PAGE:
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Legal Case Review: Case Summary: Fernando Jimenez M.D. v. Department of Professional Regulation Board of Medicine (4th Cir. 1990)

Cristina Palacio, Esq.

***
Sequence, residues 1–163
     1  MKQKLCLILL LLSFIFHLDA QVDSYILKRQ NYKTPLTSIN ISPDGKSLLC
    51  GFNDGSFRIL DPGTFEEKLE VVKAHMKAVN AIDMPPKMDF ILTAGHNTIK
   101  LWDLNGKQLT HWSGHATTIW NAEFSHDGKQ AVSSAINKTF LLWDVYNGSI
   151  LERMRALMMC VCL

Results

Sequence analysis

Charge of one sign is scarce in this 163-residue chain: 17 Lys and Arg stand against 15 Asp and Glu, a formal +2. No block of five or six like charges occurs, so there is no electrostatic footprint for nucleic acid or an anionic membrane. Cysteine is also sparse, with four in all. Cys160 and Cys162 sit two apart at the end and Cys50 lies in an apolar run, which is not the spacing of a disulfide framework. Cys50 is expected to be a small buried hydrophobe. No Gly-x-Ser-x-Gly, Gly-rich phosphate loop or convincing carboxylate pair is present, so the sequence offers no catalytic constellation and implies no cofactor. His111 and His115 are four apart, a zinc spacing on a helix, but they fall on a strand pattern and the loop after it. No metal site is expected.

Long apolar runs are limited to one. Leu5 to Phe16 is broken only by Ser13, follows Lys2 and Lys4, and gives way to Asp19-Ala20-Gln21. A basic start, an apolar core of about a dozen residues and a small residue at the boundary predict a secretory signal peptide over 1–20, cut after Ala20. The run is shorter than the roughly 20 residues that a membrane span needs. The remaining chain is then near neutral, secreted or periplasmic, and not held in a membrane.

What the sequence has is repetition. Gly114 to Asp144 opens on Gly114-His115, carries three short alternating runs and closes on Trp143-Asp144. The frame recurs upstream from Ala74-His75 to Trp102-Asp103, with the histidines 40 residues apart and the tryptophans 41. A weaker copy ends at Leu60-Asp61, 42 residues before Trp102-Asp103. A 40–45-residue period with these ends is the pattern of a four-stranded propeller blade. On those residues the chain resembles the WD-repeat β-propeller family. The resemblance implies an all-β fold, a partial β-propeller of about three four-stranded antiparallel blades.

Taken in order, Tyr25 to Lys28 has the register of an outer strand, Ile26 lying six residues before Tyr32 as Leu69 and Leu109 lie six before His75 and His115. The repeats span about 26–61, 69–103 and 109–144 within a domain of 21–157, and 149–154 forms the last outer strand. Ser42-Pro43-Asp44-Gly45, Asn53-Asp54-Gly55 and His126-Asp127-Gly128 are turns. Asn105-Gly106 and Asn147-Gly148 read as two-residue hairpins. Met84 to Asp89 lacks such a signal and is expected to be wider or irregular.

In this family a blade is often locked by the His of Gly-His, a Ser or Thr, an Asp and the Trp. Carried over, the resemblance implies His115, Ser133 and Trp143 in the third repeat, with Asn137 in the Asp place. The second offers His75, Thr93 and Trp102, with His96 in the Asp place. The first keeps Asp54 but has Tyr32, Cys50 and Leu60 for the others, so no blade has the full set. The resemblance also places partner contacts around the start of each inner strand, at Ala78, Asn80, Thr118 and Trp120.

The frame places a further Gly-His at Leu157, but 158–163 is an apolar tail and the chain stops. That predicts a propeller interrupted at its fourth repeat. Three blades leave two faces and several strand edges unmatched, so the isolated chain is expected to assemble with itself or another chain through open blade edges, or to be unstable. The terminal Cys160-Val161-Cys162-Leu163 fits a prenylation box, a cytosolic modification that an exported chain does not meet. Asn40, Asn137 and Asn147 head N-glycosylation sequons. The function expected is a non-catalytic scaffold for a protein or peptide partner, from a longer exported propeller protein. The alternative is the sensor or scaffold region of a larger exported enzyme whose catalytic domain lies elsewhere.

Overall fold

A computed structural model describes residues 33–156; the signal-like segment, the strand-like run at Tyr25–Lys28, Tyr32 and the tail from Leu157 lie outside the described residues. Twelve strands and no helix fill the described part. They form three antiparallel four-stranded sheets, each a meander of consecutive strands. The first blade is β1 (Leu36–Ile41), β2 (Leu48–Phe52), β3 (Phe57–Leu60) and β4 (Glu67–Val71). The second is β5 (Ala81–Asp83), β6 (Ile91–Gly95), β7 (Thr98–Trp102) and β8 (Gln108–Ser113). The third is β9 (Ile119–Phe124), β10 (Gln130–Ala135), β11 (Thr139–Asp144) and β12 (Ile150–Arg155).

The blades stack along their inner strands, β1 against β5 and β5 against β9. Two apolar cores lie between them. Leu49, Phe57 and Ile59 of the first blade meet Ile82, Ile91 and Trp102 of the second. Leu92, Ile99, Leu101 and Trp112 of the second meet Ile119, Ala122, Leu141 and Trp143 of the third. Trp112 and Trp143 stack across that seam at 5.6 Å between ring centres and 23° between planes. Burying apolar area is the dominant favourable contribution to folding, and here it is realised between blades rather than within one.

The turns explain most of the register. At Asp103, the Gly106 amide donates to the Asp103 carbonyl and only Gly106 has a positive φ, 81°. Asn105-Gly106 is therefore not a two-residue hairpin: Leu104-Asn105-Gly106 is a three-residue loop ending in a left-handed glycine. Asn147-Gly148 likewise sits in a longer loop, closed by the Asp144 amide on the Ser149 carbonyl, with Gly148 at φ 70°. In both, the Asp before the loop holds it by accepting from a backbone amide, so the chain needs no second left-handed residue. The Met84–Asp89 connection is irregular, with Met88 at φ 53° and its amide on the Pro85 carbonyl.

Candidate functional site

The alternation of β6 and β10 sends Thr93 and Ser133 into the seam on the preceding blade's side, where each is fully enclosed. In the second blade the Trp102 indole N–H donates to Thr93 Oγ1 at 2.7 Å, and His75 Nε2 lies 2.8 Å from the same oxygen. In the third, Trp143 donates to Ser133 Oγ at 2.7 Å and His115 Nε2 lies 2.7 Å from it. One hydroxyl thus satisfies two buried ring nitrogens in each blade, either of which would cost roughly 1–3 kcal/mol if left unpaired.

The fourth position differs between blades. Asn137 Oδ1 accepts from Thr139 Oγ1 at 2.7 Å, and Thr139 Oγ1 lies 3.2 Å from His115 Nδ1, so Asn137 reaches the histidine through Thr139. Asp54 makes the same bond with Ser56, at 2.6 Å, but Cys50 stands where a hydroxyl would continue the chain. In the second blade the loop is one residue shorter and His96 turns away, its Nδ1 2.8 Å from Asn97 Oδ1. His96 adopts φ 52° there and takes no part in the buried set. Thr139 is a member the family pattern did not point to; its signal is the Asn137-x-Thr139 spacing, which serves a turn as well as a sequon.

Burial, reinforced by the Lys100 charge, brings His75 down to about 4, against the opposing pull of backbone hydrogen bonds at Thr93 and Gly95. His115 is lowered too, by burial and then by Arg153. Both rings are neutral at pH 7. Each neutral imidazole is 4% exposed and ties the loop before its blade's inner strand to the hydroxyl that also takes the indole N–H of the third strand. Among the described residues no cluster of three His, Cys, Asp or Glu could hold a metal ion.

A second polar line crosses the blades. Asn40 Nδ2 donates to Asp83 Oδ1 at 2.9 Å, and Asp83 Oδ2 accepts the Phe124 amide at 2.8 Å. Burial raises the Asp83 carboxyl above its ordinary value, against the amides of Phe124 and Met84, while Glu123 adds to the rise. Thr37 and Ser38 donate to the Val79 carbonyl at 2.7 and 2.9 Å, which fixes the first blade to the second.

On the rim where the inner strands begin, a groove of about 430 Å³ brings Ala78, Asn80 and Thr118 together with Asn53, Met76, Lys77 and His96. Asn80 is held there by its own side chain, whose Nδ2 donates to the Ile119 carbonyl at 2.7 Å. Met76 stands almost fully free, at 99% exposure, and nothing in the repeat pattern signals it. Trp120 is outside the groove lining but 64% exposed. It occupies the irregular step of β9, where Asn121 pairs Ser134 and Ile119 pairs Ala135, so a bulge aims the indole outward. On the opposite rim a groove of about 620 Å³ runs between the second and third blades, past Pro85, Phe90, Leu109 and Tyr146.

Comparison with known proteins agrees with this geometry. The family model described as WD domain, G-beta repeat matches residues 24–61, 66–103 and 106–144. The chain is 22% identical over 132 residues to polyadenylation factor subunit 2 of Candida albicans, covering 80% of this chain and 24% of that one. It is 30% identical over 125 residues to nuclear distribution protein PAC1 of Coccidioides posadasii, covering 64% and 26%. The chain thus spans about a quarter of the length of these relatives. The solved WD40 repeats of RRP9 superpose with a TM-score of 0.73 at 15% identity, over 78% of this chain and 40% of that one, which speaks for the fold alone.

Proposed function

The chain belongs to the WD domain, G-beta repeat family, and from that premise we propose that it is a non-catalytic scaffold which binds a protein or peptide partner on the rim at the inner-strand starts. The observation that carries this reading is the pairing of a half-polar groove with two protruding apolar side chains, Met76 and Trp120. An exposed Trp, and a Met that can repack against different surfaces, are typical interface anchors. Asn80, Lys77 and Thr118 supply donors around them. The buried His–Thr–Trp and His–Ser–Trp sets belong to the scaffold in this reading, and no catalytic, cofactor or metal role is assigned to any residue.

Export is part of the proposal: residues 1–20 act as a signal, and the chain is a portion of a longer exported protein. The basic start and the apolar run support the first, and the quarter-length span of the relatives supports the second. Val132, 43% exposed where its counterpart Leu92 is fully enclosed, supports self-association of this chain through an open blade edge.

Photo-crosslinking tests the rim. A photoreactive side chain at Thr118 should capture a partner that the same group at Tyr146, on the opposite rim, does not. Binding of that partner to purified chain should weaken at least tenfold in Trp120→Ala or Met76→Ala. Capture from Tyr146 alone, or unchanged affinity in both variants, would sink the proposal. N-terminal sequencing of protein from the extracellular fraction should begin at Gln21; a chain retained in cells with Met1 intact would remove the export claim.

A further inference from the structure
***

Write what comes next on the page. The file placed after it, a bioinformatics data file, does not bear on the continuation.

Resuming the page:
2-1-5 This case involves an appeal by the above physician, of a disciplinary penalty imposed by the Board of Medicine that was more severe than the penalty recommended by the Administrative Hearing Officer of the Division of Administrative Hearing. The allegation below came to light following a medical malpractice suit where it was discovered that the plaintiff had obtained two copies of the same medical record which were found to differ. One of the copies contained added documentation that the above physician had advised the patient to have a stress test and an angiogram and that the patient had refused the recommended tests. There was no notation that this additional documentation was a late entry.  After a hearing on the matter, an administrative hearing officer concluded that the above physician: (1) added the exculpatory documentation nearly a year after providing the documents to the plaintiff, subsequent  to the initiation of the DPR investigation; (2) had filed false reports, because the addition was not denoted as a late entry; (3) violated statutory requirements for written records justifying the course of treatment; (4) added documentation only to forestall any criticism relating to his failure to have the patient undergo a stress test and angiogram; and finally, (5) was guilty of malpractice. The administrative hearing officer recommended to the BOM that the above physician be placed on probation for 1 year and fined $5,000, however, the Board of Medicine suspended the physician’s license for one year and placed him on probation for two years in addition to the $5,000 fine.  The Florida Court of Appeals affirmed the subsequent Board of Medicine action.   Allegation: Knowingly filing false medical reports, failing to keep written medical reports justifying the course of treatment of a patient by making deceptive, untrue and fraudulent representations in the practice of medicine, and failure to meet the standard of care.   Case Analysis: This case clearly demonstrates the importance of maintaining accurate medical records, not just for patient care reasons, but to avoid several bases for liability, the most damaging of which was the finding of deliberate falsification in an effort to avoid malpractice liability. Not only is such activity unethical, as noted by DPR, it is a crime under Florida state law. F.S. §395.302 provides that any person who fraudulently alters, defaces or falsifies any medical record commits a misdemeanor of the second degree. The fraudulent alteration finding could have been based on two separate acts. The most obvious was the fact that the above physician never advised the patient to get a stress test and angiogram. Even if the defendant had indeed properly advised his patient, his late entry, without any indication that it was a late entry, could also be considered a violation of F.S. §395.302.   Risk Reduction Strategies: Physicians have a statutory duty under F.S. §458. 331 and F.S. §459.015 to maintain medical records “that justify the course of treatment of the patient, including, but not limited to, patient histories; examination results; test results; records of drugs prescribed, dispensed or administered; and reports of consultations and hospitalizations.” Physicians who do not comply with the requirement are subject to disciplinary action.  Therefore, medical record documentation should not only be accurate and timely but complete with all medical record entries dated to reflect when the entry was made, even if it relates to an event that occurred earlier than the documentation date. Even late entries, where clearly identified as such, and justified, can provide important documentation to support a physician’s claim that appropriate care was provided.